Though my sport was softball, my passion was fueled by that Little League Day at Cooper Stadium. And as it grew, baseball threaded its way through my childhood, teaching me patience, loyalty, and persistence. Showing me the importance of strategy, staying on your toes, fighting through setback, being gracious through victory, doing your proverbial homework, understanding anything could happen at any time because none of us are entitled, none of us are guaranteed a darn thing.

Baseball gave me hours with my parents, studying leans and shifts, decoding signals, predicting pitches. It unveiled stories about my mother who bound her chest and dressed like a boy in 1959 just so she could play, and my father who burned the basepaths and tracked fly balls as if he had magnets for hands.

It taught me the importance of idealism, the necessity of realism and the value of hope.

It got me through heartbreak, suffering and fear.

When I was 20 years old and tore my ACL during a spring break tournament in Florida, my devastation was momentarily healed by Sandy Alomar shooing away a group of boys so I could crutch over and get an autograph.

In 2001, when I lived a few blocks from the World Trade Center, it was baseball that helped me breathe. It was sitting along the left field line, watching Derek Jeter jog out to short, and Tino Martinez stand on the bag at first and Jorge Posada cozying up behind the plate that made me feel like there was actually hope we would rise again.

And now, today, it is baseball that's helping me cope with the hateful rhetoric spewed through the television and the injustice unfolding up and down American streets. It's baseball that reminds me we're better than this. When I listen to students talk about the way the presidential race has affected them, when I see their cheeks shake and their spirits falter over being devalued as a girl, or a Muslim, or a Latino, and I want to pull up a megaphone and shout, "This isn't okay," it is baseball that reminds me we will overcome.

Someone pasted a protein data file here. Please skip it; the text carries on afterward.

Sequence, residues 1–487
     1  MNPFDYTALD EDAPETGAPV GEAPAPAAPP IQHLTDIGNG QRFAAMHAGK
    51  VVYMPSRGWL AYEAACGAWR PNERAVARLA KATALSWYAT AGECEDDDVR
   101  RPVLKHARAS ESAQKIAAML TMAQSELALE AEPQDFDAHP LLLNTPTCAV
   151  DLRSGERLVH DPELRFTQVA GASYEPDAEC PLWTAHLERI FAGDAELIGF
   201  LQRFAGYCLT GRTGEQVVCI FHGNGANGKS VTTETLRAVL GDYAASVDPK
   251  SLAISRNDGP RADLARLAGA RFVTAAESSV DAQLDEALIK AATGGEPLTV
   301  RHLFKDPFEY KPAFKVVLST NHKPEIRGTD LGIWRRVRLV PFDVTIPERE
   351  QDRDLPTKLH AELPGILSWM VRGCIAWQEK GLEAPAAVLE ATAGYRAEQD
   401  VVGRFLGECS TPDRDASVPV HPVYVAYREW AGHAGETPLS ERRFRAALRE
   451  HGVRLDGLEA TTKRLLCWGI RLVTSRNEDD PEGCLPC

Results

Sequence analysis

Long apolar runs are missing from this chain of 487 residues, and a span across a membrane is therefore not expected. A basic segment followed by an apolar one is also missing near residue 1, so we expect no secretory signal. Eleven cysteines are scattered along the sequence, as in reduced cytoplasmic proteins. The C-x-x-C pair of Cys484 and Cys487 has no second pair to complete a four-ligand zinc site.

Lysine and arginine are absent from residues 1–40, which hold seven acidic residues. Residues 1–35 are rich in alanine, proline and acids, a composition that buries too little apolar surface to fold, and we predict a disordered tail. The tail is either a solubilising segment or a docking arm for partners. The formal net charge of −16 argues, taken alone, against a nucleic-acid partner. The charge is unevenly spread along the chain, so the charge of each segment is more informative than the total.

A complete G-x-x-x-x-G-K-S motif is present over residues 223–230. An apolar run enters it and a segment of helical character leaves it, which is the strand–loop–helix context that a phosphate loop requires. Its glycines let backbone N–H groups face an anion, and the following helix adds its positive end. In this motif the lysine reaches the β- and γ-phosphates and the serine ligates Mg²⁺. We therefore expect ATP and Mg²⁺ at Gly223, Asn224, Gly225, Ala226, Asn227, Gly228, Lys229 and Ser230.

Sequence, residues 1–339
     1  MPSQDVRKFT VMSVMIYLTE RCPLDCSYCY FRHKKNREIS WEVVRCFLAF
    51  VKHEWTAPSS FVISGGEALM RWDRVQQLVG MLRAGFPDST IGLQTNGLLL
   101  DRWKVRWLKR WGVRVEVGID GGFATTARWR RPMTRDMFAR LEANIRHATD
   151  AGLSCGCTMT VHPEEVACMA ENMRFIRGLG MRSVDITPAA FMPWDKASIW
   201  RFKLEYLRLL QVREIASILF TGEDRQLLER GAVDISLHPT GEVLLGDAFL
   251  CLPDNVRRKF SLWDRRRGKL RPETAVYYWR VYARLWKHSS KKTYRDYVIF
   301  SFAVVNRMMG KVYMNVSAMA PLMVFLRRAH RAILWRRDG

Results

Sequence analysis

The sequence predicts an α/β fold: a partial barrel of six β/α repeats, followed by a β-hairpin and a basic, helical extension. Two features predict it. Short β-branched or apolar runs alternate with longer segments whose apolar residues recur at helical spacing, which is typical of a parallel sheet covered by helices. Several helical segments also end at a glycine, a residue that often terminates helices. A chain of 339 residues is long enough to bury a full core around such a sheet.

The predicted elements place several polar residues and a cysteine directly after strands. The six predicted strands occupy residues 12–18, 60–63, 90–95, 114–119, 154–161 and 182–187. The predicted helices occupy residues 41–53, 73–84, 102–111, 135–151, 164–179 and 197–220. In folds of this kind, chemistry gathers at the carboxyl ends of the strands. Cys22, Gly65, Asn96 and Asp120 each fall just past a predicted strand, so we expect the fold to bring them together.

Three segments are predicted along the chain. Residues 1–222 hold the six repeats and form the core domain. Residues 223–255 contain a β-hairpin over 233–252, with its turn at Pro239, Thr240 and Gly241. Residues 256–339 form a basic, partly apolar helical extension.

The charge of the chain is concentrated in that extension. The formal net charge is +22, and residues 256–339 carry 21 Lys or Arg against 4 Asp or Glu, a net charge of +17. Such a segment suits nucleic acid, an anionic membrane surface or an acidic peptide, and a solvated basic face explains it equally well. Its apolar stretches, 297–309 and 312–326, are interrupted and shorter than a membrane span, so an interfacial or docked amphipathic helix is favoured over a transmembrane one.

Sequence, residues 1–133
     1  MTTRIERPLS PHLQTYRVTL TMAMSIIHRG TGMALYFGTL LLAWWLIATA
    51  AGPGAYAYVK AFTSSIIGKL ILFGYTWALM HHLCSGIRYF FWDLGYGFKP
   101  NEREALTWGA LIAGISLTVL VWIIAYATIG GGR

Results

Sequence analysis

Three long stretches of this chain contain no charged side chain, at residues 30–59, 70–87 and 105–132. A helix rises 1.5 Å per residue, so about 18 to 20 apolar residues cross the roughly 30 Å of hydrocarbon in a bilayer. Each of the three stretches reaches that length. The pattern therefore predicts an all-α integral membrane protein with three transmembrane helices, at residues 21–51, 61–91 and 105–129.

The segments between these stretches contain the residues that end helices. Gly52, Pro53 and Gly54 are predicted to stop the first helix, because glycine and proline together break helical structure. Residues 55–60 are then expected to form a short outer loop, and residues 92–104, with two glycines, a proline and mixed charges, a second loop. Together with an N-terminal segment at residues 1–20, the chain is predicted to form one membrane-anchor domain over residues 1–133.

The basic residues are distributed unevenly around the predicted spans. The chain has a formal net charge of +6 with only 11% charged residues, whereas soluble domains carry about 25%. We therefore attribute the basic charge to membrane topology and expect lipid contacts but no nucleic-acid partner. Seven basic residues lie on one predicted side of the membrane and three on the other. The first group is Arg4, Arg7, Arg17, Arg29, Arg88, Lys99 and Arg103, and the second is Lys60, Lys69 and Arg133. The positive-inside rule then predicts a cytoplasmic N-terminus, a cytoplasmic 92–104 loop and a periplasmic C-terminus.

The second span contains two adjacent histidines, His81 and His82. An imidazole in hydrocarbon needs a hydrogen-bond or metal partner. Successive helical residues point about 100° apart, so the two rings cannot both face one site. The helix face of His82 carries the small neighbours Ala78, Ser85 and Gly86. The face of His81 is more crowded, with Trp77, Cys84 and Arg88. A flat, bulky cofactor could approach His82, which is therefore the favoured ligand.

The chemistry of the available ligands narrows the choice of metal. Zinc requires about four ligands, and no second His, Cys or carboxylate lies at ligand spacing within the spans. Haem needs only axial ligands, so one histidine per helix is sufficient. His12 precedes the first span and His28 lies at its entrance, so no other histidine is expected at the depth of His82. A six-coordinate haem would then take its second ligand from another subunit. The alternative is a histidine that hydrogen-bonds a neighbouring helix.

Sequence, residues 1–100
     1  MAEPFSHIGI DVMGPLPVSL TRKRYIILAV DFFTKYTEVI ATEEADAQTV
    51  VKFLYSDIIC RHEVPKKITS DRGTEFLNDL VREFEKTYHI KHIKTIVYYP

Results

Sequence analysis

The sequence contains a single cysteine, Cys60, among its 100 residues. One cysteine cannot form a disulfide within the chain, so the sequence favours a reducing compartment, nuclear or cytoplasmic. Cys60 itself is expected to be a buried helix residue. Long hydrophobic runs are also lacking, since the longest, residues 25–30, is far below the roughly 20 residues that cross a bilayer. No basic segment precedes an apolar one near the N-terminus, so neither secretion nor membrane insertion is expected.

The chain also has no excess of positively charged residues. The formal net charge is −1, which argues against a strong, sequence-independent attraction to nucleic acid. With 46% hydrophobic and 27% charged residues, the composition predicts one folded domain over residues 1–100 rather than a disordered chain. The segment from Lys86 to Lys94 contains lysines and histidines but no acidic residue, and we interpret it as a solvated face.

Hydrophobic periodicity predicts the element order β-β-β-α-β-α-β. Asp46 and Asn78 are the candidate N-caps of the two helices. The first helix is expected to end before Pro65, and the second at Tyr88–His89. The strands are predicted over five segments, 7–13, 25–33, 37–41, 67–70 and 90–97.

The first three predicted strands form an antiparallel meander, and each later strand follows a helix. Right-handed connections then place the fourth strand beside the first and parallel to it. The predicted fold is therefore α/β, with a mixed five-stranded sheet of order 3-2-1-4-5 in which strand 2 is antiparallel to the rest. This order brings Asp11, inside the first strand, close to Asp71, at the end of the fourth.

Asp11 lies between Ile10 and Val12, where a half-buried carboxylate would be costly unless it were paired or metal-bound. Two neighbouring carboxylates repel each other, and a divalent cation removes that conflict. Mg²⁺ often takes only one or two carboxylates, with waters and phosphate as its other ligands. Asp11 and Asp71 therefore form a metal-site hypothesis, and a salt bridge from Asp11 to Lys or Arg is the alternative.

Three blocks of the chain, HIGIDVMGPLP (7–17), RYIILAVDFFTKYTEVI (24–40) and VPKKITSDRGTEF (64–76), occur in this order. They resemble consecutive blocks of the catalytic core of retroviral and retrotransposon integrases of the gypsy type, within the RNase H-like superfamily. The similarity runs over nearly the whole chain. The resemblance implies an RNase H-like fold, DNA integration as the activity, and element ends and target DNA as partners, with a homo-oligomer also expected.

It is baseball that shows me what we could be: men like Joel Skinner who helped a little girl dream. Or Sandy Alomar who made space for the broken, wobbling down metal bleachers. Or the Yankees who took the field after 9/11, lifting us up, showing us America's past-time wouldn't be silenced by hate. Or the Chicago Cubs, who've been hoping for next year since 1908. Or my beloved Cleveland Indians: the team I've adored since 1989, the team and the city who have refused to give up, refused to give in, refused to let go of a 68 year old dream.

It's baseball right now as I'm standing in line again waiting for my hopes to unfold that energizes me, lifts me, reminds me not to give up.

It's these two baseball teams littered with fans who have--over many years, many changes, many heartbreaks and hope-breaks--refused to hang up their jerseys, to take off their hats, to allow frustration, anger and hopelessness win out, that remind me silver linings eventually turn up.

It's the promise that regardless of how ugly it's been, "next year" is finally here for one of them, and maybe, just maybe, "next year" might arrive for the rest of us too.